BARKS from the Guild September 2015

Page 14


The Rollercoaster of Reactivity

Mary Jean Alsina

explains how to raise a dog that walks

happily on a leash, as well as how to

modify the emotions and problem

behaviors that a leash can


Leash reactivity is a commonly reported problem in dogs

eash reactivity can be one of the most common (and embarrassing) problems dog owners deal with on a daily basis. It is also one of the most requested behavioral issues I work on with clients. Disapproving glances from passersby, the constant feeling of being out of control, and not having a grasp on how to address the behavior are all concerns for owners of leash-reactive dogs. Dogs may react poorly when on leash for a variety of reasons, which can include fear, excitement, pent-up energy or frustration. Being aware of the underlying emotions and motivations behind the reactivity is essential to understanding it but, whatever the cause, reactivity can often be dealt with quite successfully through classical conditioning. Dogs should be taught at a very young age that, when they are on leash and see other dogs, people, motorcycles, trucks or any other stimulus that they are unsure about, they should look up at the owner, which will result in praise and a fabulous piece 14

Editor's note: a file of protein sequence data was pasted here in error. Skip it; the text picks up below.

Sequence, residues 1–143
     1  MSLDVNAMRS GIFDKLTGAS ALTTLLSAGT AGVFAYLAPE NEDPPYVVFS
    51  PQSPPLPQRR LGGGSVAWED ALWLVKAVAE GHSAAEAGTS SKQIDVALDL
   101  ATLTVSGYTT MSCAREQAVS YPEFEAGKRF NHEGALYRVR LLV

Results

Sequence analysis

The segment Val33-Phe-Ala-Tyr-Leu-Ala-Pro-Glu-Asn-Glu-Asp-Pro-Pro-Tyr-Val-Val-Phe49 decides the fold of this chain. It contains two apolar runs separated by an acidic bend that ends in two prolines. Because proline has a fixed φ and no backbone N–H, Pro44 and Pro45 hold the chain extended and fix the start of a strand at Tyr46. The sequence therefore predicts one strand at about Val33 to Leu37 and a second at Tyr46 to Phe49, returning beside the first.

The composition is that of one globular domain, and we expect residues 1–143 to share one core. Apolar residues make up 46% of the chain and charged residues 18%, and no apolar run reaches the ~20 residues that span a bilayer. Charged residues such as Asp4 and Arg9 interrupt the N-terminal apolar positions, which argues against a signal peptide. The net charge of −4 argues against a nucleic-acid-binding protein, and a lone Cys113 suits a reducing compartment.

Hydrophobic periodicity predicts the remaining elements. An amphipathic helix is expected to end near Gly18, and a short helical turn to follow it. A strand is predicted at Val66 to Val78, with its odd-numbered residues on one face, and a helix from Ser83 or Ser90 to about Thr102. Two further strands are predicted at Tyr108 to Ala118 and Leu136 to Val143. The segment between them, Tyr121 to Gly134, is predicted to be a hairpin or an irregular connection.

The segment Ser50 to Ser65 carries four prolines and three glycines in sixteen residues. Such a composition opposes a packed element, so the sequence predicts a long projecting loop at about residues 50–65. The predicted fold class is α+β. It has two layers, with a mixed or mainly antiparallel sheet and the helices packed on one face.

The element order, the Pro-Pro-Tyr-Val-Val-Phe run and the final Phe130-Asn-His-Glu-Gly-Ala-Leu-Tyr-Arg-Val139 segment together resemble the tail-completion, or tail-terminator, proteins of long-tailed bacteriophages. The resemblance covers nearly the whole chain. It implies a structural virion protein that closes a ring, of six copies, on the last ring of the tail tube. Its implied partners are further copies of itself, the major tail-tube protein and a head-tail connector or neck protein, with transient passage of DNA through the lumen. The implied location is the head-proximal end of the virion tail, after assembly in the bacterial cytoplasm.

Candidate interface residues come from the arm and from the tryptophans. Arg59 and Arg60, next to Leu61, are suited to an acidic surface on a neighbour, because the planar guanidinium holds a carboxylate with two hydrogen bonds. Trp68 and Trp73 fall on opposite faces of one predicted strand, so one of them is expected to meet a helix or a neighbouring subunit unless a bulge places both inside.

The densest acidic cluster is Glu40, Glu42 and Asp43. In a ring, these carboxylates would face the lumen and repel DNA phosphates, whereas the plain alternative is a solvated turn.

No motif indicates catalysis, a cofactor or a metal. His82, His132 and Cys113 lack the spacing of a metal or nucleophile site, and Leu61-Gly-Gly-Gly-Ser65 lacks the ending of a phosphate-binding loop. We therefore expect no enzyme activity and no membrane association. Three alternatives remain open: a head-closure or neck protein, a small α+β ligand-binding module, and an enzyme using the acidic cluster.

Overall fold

BARKS from the Guild/September 2015

© Can Stock Photo/eldadcarin

sometimes evoke

of food. This makes it clear to a puppy that all of these stimuli predict wonderful things will happen. Socialization like this is critical before a dog is 12 weeks old, since dogs are most sensitive to learning what is and is not safe at this period in their lives. Of course, adult dogs can also learn to walk well on leash but it is much simpler to instill the behavior in younger dogs, if one has the opportunity. The goal is for puppies to learn as early as possible before any negative associations take hold. Many dogs that are on leash go into fight or flight mode when they spot another dog or person at a distance they are not comfortable with. They do not, however, have a choice to flee because of their attachment to a leash, and may feel left with no other option than to “fight." The lunging, barking, whining and growling can all be attempts to create the distance necessary to ensure the dog’s safety or to keep the threat at bay. At this point, a battle ensues in the dog's brain whereby the amygdala orders the hypothalmus to secrete more CRF (corticotropin-releasing

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